When you apply to your top choice college, you hope to get accepted, but know that rejection is possible too. But there’s a third outcome—getting waitlisted—which, for some, can actually be the most emotionally difficult. Logically, you know that it's a better outcome than an outright rejection, but the uncertainty around getting waitlisted can ratchet up anxiety during an already stress-filled college admissions process.

It's not unheard of to be admitted after getting placed on a waitlist. In fact, in the spring of 2021, 20% of high school seniors planning to go to college reported being on at least one waiting list, found a survey from consulting firm Art & Science Group.

If you’re waitlisted, it can be hard to know what to do next. Here’s, a four-point plan to help.

1. Find out your odds of getting off the waitlist.

Most admissions offices can tell you what percentage of students their school usually admits from the waitlist, and The College Board provides school-by-school numbers. You should also find out when you’ll get a hard yes or no from them. It varies from one school to the next, but most schools will give you an answer by May or June, after the deposit deadline for admitted students to enroll. You will likely need to accept an offer elsewhere before you've heard back from your top choice school. If that's the case, you'll need to decide whether you still want to go to the school that waitlisted you, since there may be financial drawbacks such as a lost deposit or less financial aid.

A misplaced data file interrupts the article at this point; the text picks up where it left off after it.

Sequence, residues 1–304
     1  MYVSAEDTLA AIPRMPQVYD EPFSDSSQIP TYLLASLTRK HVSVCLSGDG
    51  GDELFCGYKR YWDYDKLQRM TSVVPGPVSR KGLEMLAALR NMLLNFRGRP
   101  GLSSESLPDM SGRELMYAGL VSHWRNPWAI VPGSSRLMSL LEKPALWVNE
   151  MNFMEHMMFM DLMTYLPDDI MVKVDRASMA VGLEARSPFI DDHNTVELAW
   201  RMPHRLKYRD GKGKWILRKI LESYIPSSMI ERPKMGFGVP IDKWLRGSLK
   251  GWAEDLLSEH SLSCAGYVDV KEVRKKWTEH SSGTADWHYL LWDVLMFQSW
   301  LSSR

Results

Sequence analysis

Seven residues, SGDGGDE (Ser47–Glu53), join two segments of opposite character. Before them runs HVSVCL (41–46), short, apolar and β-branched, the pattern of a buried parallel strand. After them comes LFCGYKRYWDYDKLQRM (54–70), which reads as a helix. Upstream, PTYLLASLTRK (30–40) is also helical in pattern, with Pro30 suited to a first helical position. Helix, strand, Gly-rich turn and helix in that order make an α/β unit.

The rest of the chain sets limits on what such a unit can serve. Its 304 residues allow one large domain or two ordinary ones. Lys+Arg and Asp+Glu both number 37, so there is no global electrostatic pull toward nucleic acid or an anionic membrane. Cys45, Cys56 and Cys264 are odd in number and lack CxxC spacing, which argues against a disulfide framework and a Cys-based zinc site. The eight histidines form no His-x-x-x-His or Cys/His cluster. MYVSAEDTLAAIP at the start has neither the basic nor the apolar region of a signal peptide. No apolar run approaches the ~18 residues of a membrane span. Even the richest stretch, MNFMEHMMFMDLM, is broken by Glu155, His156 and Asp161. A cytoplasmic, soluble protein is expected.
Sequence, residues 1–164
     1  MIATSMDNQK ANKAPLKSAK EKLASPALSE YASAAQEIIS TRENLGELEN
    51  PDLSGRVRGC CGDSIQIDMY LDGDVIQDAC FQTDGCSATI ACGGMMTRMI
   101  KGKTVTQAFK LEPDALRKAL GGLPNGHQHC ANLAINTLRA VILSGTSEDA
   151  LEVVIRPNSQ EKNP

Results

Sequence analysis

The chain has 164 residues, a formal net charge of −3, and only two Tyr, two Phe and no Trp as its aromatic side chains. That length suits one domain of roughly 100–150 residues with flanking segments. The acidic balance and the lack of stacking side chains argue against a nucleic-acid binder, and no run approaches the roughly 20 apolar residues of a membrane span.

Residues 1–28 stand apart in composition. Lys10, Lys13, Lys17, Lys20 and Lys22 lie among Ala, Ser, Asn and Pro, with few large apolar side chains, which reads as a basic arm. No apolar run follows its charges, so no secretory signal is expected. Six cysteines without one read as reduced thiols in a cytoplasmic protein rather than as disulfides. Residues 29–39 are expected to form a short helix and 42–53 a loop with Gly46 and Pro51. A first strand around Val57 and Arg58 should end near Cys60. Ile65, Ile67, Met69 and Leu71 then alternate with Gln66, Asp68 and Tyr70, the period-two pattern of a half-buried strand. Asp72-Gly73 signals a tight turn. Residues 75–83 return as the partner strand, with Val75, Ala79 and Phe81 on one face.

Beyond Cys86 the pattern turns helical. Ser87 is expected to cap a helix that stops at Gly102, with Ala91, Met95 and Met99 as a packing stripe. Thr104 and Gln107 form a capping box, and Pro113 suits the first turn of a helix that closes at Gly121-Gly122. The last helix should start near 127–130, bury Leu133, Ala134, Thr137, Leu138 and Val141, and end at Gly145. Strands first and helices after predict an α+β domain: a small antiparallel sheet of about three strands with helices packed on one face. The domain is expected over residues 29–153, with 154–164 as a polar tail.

2. Re-evaluate the schools that accepted you.

Don't wait until you get a “no” from the school that waitlisted you to figure out your plan B. Evaluate your options, including the financial aid packages from the schools that offered you a spot, and gather whatever other information you need to make a decision. Continue to keep your grades up, since the admissions department of the school that waitlisted you may want to see an updated transcript before making their ultimate decision.

3. Decide whether you want to keep waiting.

Once you re-evaluate the schools that offered you acceptances, you may be excited about one and decide to just move forward rather than deal with the uncertainty of remaining on the waitlist. Or, you might decide that you’ll wait. You can accept admission at another school and withdraw if you get off the waitlist at your first choice, although you may forfeit your deposit or not receive as much in financial aid from your waitlisted school.

4. If you still want to go to the school, let them know.

If you want to remain on the waitlist, formally notify the school that you're still interested in enrolling. You'll want to send a letter of intent that includes information about any recent achievements since you sent in your application.

Reach out to your contacts in the admissions office to request an interview (or a follow-up interview if you've already had one), so that you can personally show the school why you're a great candidate. Of course, while you want to express your enthusiasm, don’t let it cross into nagging territory. Repeated calls or emails to a busy admissions officer could hurt, rather than help, your chances.

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